2003 ends at midnight Wednesday, and as far as we can tell, extensions are unavailable. What's a procrastinator to do?
TAX MOVES THAT ARE PROBABLY WISE
-Pay your last-minute deductions with checks mailed by December 31 or by credit card charges incurred before January 1 (even if the credit card bill is paid later). For the generous procrastinator, a number of worthy charities will take online contributions via credit card, including the Salvation Army and the USO.
-If you have a business, remember that amounts accrued to related parties must be paid by December 31 to be deductible this year (unless both you and the related party are on the accrual method).
-If you have a money-losing S corporation, be sure you have enough basis to deduct your losses.
-Pay your next mortgage payment by December 31 so you can deduct your interest.
-If you will be paying for a child's college education, make a contribution for the child to a College Savings Iowa account or another Section 529 plan by year-end. College Savings Iowa contributions made by year-end are deductible on your Iowa return up to $2,230 per donee, per child.
-If you have an estate likely to be large enough to be subject to estate tax, make your $11,000 per donee gifts before Thursday. If you don't use this year's annual gift exclusion, it's lost forever. Don't count on the mail for this - get the goods to the happy donees before you toast the new year.
TAX MOVES THAT MAY OR MAY NOT BE WISE
-If you expect to owe state income taxes and you're pretty sure you won't incur Alternative Minimum Tax (AMT) for 2003, you may want to mail an estimated state tax payment by December 31.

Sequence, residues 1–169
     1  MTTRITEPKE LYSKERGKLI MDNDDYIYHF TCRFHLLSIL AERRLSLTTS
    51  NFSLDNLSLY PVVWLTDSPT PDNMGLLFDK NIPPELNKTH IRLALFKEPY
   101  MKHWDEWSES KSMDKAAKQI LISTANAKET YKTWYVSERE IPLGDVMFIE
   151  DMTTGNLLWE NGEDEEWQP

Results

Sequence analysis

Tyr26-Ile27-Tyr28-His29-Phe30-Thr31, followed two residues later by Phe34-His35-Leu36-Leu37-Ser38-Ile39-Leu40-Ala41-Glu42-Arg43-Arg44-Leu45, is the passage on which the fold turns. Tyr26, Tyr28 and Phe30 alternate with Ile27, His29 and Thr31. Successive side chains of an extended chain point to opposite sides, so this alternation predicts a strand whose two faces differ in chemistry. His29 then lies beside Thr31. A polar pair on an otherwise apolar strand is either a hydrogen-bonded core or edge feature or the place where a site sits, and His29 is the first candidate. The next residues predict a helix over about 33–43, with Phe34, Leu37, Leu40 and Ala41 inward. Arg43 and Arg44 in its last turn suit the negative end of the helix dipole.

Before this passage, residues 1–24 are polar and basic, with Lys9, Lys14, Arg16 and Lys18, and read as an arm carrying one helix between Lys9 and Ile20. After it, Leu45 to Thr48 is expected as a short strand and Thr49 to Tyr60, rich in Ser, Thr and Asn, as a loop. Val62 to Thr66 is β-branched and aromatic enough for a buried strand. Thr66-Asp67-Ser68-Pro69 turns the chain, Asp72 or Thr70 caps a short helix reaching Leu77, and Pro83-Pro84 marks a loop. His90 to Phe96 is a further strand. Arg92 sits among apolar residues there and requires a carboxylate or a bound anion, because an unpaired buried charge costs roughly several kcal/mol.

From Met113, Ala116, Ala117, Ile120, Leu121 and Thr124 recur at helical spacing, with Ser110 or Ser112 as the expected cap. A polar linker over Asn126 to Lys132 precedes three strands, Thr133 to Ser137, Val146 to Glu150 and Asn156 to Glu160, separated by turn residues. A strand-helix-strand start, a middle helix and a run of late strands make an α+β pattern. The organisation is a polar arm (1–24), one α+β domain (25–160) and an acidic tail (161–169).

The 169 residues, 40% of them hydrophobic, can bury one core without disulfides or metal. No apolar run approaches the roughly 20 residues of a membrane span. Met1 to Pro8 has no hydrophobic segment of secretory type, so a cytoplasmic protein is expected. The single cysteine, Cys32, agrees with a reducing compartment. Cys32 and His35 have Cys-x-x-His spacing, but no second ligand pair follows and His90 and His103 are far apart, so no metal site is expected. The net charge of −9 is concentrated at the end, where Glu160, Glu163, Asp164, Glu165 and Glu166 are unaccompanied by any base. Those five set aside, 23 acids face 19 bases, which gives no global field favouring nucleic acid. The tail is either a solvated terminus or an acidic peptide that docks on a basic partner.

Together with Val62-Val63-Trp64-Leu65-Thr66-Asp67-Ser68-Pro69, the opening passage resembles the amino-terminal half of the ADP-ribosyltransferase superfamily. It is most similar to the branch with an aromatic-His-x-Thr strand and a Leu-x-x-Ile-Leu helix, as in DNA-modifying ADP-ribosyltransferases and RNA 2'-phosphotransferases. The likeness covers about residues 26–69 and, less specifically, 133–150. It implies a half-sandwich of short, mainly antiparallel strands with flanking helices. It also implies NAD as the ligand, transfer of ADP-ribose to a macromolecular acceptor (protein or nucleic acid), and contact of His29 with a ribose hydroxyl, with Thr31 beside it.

-If AMT is unlikely, consider paying your March property tax bill by December 31 so you can deduct it.
-Remember - if you have income over $125,000, or if you have three or more children, or large capital gains, it is unwise to assume that you won't have AMT for 2003 unless you have run some numbers to make sure.
TAX MOVES THAT AREN'T WORTH MAKING JUST FOR TAXES
-If you become a parent before the ball drops on New Years Eve (local time), you will have a dependent exemption for the entire year. Good luck convincing Mom to hurry it up, though; and if she finds out that the deduction is useless anyway because of AMT, she might be really irate.
-Your marital status on December 31 is your marital status for the entire year, as far as the tax law is concerned. Some folks are better off (for taxes) married; some aren't. If your marriage decision hinges on the tax consequences, you probably should be visiting another website.
A GOOD TAX MOVE WE HOPE YOU WOULD MAKE ANYWAY
-Survive. The lifetime exemption for the Estate Tax increases to $1,500,000, from the current $1,000,000, for those dying after December 31. Unfortunately, the gift tax exemption will remain at $1,000,000 after 2003.
So hang in there, and have a great 2004.
The items included in the Tax Update Blog are informational only and are not meant as tax advice. Consult with your tax advisor to determine how any item applies to your situation.
Joe Kristan writes the Tax Update items, and any opinions expressed or implied are not necessarily shared by anyone else at Roth & Company, P.C. Address questions or comments on Tax Updates to